Not that they don’t have their problems – and real problems catching up to the present. But that has never been a non-issue as far as I can see through church history – including during the entrenchment of Christendom – the visible church and vital Christianity have never been the same thing.
    Just a few thoughts. Thanks for the post.
    God bless

    1. Thanks, Chris.

      Not sure that I was thinking of them as bullets – more, some causes.

      Just because the causes may not apply to the churches you have been part of, doesn’t mean that they are not causes in other churches, nor that the overall (3.9% point) issue will not affect the future of the churches you point to.

      I’m presuming you understand Roman Catholicism in the category of “Bible oriented churches” – all the positives you describe of the churches you have been part of can apply to Catholicism.


      1. Hi Bosco – not so much RC (at least in my little bit of experience) in that reflection and preaching of the word are not as central in my admittedly very limited experience – could be wrong on that.

        But I suppose I only noted Bible oriented churches (or perhaps better ‘Jesus as known from his apostolic testimony’ oriented churches – at least I am more happy with that 🙂 )

        I suppose also the churches I have belonged to have, at least I think, had more people like me than that 3.9% would point to (ie people not of church background who have become Christians) – however there is still an enormous amount of work to do, and lots to grow in – hence my appreciation of your points. (and I need to read Keith Ward’s article, which I haven’t done yet, to get some context)

        I suppose I mainly heard critique of Bible oriented churches in your post (and on a very brief second flick over I don’t think that was too over-sensitive of me:) ) when in fact at least in a number of cases those aaren’t at the worst end of church-non-growth as far as conversions go, nor do they seem to be particularly dying (though we are all only a generation or two away from that, whatever the stats may be doing). That is what struck me as odd about it all.


        1. Thanks, Chris.

          I’m struggling with your terminology: “Bible oriented churches”, “‘Jesus as known from his apostolic testimony’ oriented churches” – these are terms not in my ordinary experience, I’m afraid.

          Yes, I don’t think the percentage is 3.9% as the maximum, which is how you are understanding it in your third paragraph. Kevin Ward very much addresses the but-our-type-of-church-will-be-fine response to these stats.

          I’m sorry if you mainly heard critique of Bible oriented churches [whatever you mean by that] in my post. The stats we are looking at are primarily presenting a major issue for non-Catholic churches. I am, as I said, brainstorming reasons why that may be so. If you find that threatening, the stats are not mine. If you have other explanations for the decline, let’s have them. That’s the request I started my post with.

          Advent Blessings.

  3. Great analysis, Bosco. A piece many mission-minded people need to read, as well as traditional church leaders. I’ll do my best to send it around my contacts too. One thing perhaps that’s missing is that we’ve overemphasized the love of God for a century (not that we should ever throw that out), but we’ve put aside the judgement of God, the holiness of God…and that (awe-ful) word, Sin. We’ve replaced these with non-words that mean little, or focused only on the ‘positive’ side of God: love, grace, mercy. I’ve been reading P T Forsyth a good deal recently, and am impressed as to how much of what he wrote back in the early part of the last century is still pertinent today, and that much of what he predicted is visible in our contemporary society. He had his finger on the pulse then…we could do with him now!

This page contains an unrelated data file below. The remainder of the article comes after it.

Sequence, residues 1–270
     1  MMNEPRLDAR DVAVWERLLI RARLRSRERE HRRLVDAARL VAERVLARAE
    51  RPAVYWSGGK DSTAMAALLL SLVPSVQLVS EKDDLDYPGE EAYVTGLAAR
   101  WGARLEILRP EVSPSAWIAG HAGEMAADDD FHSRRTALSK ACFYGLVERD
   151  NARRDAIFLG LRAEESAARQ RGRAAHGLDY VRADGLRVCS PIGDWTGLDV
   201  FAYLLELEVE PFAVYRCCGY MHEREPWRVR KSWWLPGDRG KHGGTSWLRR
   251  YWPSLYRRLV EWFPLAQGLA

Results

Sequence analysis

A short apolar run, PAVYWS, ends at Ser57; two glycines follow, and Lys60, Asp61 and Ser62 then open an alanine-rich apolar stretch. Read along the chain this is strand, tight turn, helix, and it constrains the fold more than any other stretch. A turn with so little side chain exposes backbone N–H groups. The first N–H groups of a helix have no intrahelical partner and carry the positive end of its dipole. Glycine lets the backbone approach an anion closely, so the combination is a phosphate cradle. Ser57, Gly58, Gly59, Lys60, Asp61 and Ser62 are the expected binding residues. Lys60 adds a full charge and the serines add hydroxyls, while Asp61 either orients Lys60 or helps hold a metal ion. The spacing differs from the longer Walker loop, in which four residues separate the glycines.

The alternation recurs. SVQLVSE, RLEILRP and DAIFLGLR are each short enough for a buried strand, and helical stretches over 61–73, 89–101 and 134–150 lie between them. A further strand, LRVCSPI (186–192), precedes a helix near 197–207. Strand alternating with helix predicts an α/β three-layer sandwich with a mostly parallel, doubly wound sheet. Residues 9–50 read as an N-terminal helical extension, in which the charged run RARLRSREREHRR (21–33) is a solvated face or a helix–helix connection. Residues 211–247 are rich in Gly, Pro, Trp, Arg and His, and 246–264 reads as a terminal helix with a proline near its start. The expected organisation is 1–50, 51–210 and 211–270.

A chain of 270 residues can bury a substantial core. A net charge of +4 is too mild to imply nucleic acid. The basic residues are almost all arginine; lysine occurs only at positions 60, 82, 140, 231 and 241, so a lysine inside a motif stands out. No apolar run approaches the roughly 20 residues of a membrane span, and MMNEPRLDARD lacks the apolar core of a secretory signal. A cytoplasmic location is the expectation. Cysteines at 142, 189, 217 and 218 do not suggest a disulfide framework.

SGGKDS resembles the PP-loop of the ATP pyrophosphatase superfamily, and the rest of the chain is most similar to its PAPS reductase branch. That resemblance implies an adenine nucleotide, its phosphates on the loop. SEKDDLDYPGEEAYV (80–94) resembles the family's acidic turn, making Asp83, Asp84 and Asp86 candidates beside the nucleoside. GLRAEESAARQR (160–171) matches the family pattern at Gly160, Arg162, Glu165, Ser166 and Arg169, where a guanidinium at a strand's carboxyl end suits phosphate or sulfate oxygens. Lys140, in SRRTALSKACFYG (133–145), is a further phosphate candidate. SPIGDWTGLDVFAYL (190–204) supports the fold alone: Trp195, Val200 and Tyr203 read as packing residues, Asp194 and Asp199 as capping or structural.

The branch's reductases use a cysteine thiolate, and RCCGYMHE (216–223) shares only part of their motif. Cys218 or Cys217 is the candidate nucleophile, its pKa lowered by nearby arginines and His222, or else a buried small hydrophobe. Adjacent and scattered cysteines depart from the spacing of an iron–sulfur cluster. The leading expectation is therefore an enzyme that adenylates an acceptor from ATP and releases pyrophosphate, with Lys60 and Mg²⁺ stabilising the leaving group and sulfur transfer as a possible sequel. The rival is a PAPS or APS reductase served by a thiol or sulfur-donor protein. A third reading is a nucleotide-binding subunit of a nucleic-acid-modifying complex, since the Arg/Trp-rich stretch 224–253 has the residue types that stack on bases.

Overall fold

1. Thanks for the encouragement, Mike. We’ve sometimes over-worn words. Even the word “God”. I think we need to learn to translate what we mean into words so people can hear today. “God’s love” is not what some people hear it as… Blessings.

    1. Great, thanks, Jethro. Some foundational principles translate across into the school context, of course. But the idea of replicating much of the above, applying to parishes, directly into schools as if schools were identical to parishes, would be sorely mistaken. It would be great (continuing some of my points in my post) to have specialist training and formation focusing on developing Christian schooling. That appears to be a dream too far. In the church planning following the destruction of so much of Canterbury through the earthquakes, how much thought was given to partnering to develop new Anglican schools (with schooling, readers beyond NZ understand, being highly in flux in our post-quakes context), parish-based or otherwise? None. Blessings.

  4. As a millennial and a clergy person, I struggle with this changing reality. Most of my parishioners are grieving the church of the 50s, 60s, 70s, full of boomer children, and G.I. parents. They often ask, “Where have all the young people gone?” I sometimes say, they are you. The young people you remember became the middle aged and later life people still here.

    This may be the same for NZ, but in Canada, mainline protestants have allowed mission to happen by accident. In the mid 20th century Canadians just automatically became Christian simply by virtue of being born in Canada. Lutherans did evangelism by showing up at trains stations and listening for the European immigrants getting of the train who were speaking German, Norwegian, Sweedish, Danish etc…

    People just came to church because that is what good citizens do. The state isn’t evangelizing for us anymore. Society isn’t making people automatically Christian. And while many of my people are grieving this change, as a Millennial who has always known a church in decline I am okay with this, I am not grieving. To me, this change means that the people still here are interested. They are not attending for social reasons, but for faith reasons.